Tensions are high between the U.S. and Russia, and President Barack Obama didn't do anything to ease that this weekend by belittling Russia with some questionable claims.
In an interview with The Economist this weekend, Obama shirked any blame for crumbling U.S.-Russian relations and segued into downplaying the other nation's global significance. To back this up he said:
Immigrants aren't rushing to Moscow in search of opportunity. The life expectancy of the Russian male is around 60 years old. The population is shrinking.
Not one of these sentences is true. Writing for Forbes, Mark Adomanis, an evenhanded American expert on Russian affairs, points out the "pretty startling amount of factual inaccuracy." He debunks them in turn:
One of the first things that anyone notices when they are in Moscow is the enormous number of immigrants from Central Asia. Probably the single most noteworthy and inescapable feature of modern Russian life is the prevalence of hundreds of thousands, if not millions, of people who have already rushed to Moscow "in search of opportunity." It's impossible to miss them.
This is corroborated by both official Russian government statistics and the work of its domestic political opponents.
With a dollop of snark, Adomanis explains that "life expectancy… isn't a subject of conjuncture or obscure philosophical inquiry, it is a number that is very easily found on the public-facing website of the Russian state statistics service." And again, Obama is wrong:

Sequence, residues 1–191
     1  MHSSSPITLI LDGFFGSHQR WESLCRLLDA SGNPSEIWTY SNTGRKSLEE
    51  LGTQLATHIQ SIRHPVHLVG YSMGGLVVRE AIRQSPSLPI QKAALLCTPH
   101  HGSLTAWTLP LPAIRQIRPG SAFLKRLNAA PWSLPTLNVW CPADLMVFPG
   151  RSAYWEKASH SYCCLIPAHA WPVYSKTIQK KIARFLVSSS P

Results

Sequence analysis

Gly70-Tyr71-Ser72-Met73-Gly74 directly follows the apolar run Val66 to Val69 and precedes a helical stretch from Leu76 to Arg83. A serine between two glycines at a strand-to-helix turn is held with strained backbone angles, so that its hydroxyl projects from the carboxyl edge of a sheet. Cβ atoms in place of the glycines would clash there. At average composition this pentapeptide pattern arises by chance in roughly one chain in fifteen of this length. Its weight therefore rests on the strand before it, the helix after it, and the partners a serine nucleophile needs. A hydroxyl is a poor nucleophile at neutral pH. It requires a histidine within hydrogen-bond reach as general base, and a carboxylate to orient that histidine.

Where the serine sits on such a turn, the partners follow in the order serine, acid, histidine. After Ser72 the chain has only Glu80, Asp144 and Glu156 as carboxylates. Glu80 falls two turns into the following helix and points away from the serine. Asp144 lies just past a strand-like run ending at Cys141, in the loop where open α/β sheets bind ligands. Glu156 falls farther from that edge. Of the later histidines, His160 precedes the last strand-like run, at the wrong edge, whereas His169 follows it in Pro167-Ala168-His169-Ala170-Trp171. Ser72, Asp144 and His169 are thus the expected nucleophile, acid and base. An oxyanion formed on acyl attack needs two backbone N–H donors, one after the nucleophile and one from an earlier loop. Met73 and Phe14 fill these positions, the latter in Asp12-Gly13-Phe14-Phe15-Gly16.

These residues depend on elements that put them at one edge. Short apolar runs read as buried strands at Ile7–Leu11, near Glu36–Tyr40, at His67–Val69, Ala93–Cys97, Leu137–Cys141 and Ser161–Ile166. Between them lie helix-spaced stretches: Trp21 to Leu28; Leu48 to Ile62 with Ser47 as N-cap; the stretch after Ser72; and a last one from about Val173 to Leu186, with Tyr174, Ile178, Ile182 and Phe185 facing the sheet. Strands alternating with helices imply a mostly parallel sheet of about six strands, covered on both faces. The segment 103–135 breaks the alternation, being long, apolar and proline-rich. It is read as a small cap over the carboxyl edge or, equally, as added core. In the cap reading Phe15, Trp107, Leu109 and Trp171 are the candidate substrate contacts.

In 2013, the average male life expectancy in Russia was a little bit above 65 (technically it was 65.14). When Obama says that life expectancy is "around 60? he's off by about 8 percent. With a similar margin of error we could say that Barack Obama is the 41st president of the United States, that he won 47 percent of the vote in the 2012 presidential election, and that he was born in 1957. Eight percent is a margin of error that people rarely feel confident using, because it very quickly makes you sound rather ill-informed and ignorant.
Regarding the population, Adomanis suggests that "US political elite almost always make huge mistakes when talking about it," as "Russia's population is not shrinking, it is growing." And it has been every year since 2009.
It's bizarre that Obama criticized Russia on these fronts when there's plenty of legitimate issues – like Moscow's crackdown on civil rights, the pro-Western political opposition, and independent media – that he could have addressed instead.
These, of course, don't have much bearing on the war Russia is waging against Ukrainian sovereignty or the mass killing of civilians on a Malaysian plane, but whether it's due to a lazy team of fact-checkers or deliberate rah-rah nationalism to boost the U.S. by comparison, dubious talking points don't help the Obama administration resolve the current crises. Hearing the president say "Russia doesn't make anything" will only inflame anti-American sentiment among Russian civilians, thereby reinforcing Putin's own ballooning cushion of popular support. And, there's need for healthy debate about the U.S.'s actions against the Kremlin throughout this war, but by spouting some easily-debunked information, Obama effectively invites skepticism of the accuracy of other White House claims about Russia.